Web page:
Conference abstract, 2009
Participatory approaches to accessibility in the agricultural landscape of Southern SwedenGyllin, Mats
AbstractIn highly productive agricultural areas, accessibility to the landscape is restricted, for people as well as for wildlife flora and fauna. Swedish legislation allows access to most areas that are not house lots, growing crop or other specifically protected land. Since there is growing crop on most agricultural areas in the southernmost parts of Sweden during spring, summer and autumn, access is extremely limited, and pressure is heavy on the few remaining accessible areas and passages. There are an increasing number of people moving out into the countryside in new housing areas surrounded only by arable land lacking suitable recreation options. The number of horse owners in this region is also growing, but available space for them is not. At the same time, regional and local authorities are showing a growing concern for the biological qualities and the lack of space for biodiversity. Landowners, on the other hand – particularly those with sensitive crops – are unwilling to allow people even restricted access to their land, for fear of losing their income. With these aspects in mind, it is not surprising that conflicts are abundant. In two different multidisciplinary case studies, we have tried to identify the various stakeholders and bring them together in an attempt to solve the most important problems using informal, communicative approaches. One of the cases involved an abandoned quarry with some biological qualities that is being transformed into a recreation area surrounded by arable land. User groups are many and to some extent with conflicting interests. The second case concerns a much larger area, almost entirely consisting of agricultural fields, but with growing numbers of new inhabitants moving out from the city of Malmö, and growing numbers of horse owners. Both projects concluded that many conflicts can be resolved by simple means, e.g. organising interest groups talking to each other, or by canalising activities in certain directions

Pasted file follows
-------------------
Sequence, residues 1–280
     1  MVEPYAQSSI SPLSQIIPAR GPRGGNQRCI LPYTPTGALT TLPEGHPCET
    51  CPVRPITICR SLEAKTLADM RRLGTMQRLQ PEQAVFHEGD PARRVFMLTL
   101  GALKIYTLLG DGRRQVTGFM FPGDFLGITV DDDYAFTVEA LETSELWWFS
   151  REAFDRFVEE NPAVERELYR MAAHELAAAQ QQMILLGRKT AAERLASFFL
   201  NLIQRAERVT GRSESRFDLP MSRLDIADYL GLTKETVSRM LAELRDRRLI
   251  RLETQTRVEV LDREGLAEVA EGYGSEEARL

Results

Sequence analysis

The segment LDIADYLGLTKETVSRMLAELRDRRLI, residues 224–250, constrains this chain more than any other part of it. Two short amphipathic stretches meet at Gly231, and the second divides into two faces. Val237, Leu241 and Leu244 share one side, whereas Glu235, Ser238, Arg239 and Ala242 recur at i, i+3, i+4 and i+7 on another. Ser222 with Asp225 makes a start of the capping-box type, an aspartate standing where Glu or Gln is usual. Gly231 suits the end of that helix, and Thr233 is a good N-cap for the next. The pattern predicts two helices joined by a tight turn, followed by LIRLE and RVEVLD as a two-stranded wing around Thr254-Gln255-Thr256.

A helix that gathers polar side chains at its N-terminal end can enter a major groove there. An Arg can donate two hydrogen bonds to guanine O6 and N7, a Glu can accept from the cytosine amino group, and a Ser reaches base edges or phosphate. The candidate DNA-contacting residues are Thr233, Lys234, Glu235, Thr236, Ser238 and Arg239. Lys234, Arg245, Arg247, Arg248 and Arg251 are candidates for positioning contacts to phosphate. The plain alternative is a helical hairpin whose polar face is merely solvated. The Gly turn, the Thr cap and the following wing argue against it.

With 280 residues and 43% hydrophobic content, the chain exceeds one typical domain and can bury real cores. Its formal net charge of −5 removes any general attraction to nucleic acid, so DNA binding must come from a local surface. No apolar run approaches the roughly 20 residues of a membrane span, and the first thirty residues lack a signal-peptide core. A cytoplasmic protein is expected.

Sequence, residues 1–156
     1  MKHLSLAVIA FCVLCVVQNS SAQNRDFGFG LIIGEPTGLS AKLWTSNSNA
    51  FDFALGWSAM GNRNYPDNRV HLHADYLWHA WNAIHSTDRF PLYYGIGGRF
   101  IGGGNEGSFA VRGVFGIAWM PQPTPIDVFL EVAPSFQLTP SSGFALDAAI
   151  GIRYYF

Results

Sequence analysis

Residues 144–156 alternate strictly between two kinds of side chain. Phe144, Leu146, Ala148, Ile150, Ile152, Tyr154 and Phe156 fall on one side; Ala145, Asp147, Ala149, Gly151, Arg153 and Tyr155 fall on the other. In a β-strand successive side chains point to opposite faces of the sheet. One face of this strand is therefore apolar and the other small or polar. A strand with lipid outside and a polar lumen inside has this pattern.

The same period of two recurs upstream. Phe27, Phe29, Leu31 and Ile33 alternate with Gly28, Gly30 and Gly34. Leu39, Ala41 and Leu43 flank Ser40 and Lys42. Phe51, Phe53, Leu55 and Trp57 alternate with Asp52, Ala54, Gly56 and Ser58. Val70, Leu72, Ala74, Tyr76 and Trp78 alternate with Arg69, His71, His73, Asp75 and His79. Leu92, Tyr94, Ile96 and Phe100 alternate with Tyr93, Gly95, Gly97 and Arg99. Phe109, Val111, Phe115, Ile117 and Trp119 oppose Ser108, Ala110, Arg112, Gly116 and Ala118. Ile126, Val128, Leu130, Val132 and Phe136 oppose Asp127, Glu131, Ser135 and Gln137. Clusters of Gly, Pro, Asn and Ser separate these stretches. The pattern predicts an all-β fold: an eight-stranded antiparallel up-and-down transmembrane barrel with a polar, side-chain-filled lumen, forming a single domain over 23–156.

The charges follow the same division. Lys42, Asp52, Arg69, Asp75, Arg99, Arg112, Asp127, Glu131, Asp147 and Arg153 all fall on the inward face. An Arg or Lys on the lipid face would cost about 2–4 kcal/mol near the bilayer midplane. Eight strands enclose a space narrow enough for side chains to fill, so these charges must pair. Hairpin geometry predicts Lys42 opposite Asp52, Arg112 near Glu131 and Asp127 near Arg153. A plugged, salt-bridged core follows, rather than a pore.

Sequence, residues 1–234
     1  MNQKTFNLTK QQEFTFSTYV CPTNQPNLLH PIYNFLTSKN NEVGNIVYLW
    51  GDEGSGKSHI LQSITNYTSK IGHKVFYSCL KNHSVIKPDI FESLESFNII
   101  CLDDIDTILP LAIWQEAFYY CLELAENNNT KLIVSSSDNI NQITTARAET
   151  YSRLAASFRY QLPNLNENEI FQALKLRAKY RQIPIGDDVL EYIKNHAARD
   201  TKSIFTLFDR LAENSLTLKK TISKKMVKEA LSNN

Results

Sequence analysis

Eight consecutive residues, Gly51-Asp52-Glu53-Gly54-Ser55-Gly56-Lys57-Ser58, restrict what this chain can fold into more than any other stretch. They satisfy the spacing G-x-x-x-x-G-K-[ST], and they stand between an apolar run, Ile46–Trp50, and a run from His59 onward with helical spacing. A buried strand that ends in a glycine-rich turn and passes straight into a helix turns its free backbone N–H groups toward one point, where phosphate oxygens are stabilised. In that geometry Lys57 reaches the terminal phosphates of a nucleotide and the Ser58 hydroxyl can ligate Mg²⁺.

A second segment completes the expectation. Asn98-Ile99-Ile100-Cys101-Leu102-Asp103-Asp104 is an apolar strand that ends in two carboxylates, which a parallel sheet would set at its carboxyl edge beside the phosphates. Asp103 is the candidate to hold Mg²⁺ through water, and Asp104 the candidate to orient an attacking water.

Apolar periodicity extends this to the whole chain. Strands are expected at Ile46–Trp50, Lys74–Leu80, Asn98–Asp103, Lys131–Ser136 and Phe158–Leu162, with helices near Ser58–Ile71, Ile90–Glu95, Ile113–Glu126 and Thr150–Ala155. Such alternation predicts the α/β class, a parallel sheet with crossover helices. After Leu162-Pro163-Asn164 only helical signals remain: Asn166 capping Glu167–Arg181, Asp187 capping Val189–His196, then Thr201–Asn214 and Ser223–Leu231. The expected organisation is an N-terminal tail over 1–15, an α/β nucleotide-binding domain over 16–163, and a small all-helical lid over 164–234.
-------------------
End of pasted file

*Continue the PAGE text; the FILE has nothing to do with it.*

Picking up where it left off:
ConferenceAESOP 23d conference: Why can't the future be more like the past?
Swedish University of Agricultural Sciences, Department of Work Science, Business Economics and Environmental Psychology
UKÄ Subject classification
Environmental Sciences related to Agriculture and Land-use
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